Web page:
I’ve had a bit of time to think about David Noble and my experiment at the Scottish Learning festival. I blogged about the preparation and have been thinking about the actual event for a while.
SLFtalk was an experiment for using posterous to aggregate short audio reports from mobile devices at the Scottish Learning festival.
Over the 2 days of the festival and with a couple of late entries we had 29 posts to SLFtalk from a dozen people. There was a wide range of type of poster and content. We had fairly recently qualified classroom teachers and HMI. The content went from recording of segments of seminars through interviews to reflection. Many of the posts have had more than 400 views. Most of the hits came from the time of the festival and just after.
We had offered several routes into audio publishing and most were used:
- 15 boos tagged slftalk using audioboo by 5 people
- 12 files posted directly to posterous by 6 people
- 2 recordings made on the gabcast.com channel by 2 folk
Obviously all of the the audioboos were made using an iPhone, the posts to posterous were made with several different devices; iphones, a HTC Touch Diamond and desktops.
For myself I intended to use the iPhome Voice Memos app, and just email it in. But I ran over the 2 minutes limit for mailing memos so ended up transferring the audio to my macbook, converting to mp3 (cutting down file size) and posting via email. I think I was the only person using a computer rather than a phone.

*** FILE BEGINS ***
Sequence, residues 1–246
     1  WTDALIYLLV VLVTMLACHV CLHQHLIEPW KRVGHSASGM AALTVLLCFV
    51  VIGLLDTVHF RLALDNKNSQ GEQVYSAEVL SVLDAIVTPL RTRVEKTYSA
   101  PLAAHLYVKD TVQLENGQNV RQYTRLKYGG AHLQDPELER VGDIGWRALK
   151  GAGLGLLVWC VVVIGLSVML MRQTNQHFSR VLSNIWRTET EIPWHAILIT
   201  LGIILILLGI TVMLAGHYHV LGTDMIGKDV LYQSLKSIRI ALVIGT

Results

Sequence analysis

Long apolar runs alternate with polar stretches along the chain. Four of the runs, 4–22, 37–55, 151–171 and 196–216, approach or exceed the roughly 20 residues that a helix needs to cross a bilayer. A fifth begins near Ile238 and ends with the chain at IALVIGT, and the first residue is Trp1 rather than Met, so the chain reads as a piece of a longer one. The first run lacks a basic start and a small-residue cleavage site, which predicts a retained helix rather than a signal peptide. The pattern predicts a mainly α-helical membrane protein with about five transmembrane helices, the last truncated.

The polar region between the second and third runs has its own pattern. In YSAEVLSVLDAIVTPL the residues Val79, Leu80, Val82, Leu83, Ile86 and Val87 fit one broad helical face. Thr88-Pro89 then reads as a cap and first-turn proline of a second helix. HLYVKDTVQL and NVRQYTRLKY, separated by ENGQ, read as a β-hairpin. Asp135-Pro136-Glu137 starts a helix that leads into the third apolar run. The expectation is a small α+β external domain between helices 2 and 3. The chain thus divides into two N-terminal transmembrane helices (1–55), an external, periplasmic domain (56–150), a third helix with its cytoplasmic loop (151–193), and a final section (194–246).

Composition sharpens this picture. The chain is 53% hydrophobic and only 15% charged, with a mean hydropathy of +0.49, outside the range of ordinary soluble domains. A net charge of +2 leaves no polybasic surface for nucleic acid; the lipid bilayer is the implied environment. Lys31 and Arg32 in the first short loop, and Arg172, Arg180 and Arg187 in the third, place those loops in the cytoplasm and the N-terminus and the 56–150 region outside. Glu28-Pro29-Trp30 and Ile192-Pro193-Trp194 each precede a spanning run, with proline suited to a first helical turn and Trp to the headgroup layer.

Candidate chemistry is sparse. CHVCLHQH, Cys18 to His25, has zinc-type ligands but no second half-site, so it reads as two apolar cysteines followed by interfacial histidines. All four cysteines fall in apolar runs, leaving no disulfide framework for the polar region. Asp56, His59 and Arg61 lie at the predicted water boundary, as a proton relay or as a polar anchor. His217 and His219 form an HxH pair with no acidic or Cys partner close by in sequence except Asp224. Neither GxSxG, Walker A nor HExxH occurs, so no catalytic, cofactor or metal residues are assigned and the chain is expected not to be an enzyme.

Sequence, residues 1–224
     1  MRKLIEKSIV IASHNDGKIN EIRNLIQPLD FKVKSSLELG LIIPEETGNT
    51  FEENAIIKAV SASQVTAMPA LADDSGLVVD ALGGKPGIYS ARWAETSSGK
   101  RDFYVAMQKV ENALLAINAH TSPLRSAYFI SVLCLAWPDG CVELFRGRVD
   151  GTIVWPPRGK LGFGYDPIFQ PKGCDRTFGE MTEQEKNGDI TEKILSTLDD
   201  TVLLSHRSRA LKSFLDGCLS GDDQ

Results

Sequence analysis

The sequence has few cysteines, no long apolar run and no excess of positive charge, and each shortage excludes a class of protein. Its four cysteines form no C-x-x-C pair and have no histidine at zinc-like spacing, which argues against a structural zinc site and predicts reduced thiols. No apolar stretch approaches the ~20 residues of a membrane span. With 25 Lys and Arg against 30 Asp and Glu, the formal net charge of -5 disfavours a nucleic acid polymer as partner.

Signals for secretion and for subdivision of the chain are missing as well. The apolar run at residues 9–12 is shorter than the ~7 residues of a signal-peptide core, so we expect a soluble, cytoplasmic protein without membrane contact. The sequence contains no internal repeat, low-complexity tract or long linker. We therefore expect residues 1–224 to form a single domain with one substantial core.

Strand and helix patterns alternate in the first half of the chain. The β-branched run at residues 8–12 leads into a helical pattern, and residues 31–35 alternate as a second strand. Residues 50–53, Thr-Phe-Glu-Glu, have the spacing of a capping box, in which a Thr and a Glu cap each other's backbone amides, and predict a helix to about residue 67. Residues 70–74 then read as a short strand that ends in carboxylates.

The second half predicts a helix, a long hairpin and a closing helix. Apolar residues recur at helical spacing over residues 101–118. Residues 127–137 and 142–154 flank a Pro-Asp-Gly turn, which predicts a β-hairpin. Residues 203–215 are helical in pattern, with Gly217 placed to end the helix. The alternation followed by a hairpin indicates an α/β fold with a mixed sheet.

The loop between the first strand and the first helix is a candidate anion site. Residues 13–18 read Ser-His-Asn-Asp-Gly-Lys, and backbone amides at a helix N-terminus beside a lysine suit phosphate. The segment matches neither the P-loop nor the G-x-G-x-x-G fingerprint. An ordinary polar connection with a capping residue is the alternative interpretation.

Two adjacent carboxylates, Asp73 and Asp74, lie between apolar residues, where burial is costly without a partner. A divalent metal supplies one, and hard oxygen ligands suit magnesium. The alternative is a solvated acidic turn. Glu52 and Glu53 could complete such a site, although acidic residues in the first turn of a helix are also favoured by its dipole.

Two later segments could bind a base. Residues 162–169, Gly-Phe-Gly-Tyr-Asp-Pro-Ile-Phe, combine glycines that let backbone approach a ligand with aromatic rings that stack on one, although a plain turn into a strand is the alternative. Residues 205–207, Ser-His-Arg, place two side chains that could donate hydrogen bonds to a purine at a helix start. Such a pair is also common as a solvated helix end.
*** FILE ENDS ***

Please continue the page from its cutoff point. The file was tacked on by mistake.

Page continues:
No one took us up on the offer to borrow mp4 recorders, Joe Dale did use his iRiver to chat to me at the end of the 2 days and later sent me the file to post to the site.
I think it was well worth offering multiple ways of posting, although audioboo was the most popular, if we had just used that several contributors could not join in.
Technically everything seem to work out fine, the main thing I would change is the way the gabcasts and audioboos were posted to the site. basically I just used the posterous API to send the url of the audio to posterous. This meant that the recording were not enclosed in the RSS feed. I have made a few tests and worked out a workaround, if an actual html link in sent to posterous, eg <a href="path_to_audio_file">Listen</a> and we use feedburner to provide the RSS, feedburner will produce an rss feed with all of the enclosures. The file would also play on an iphone.
From a organisational and technical point of view I really enjoyed working with David on this wee project, but the thing I enjoyed most was listening to the audio, given the background noise and less than ideal recording conditions I was surprised at how engaging they were, there is something special about listening to the human voice with all the extra information the signal carries over reading a text.
I think we may have discovered an interesting an powerful addition to our community communication toolkit and hope this concept can be taken forward and more widely used. I would be interested in hearing more from others who used or listen to the podcasts and getting ideas of how to improve the system.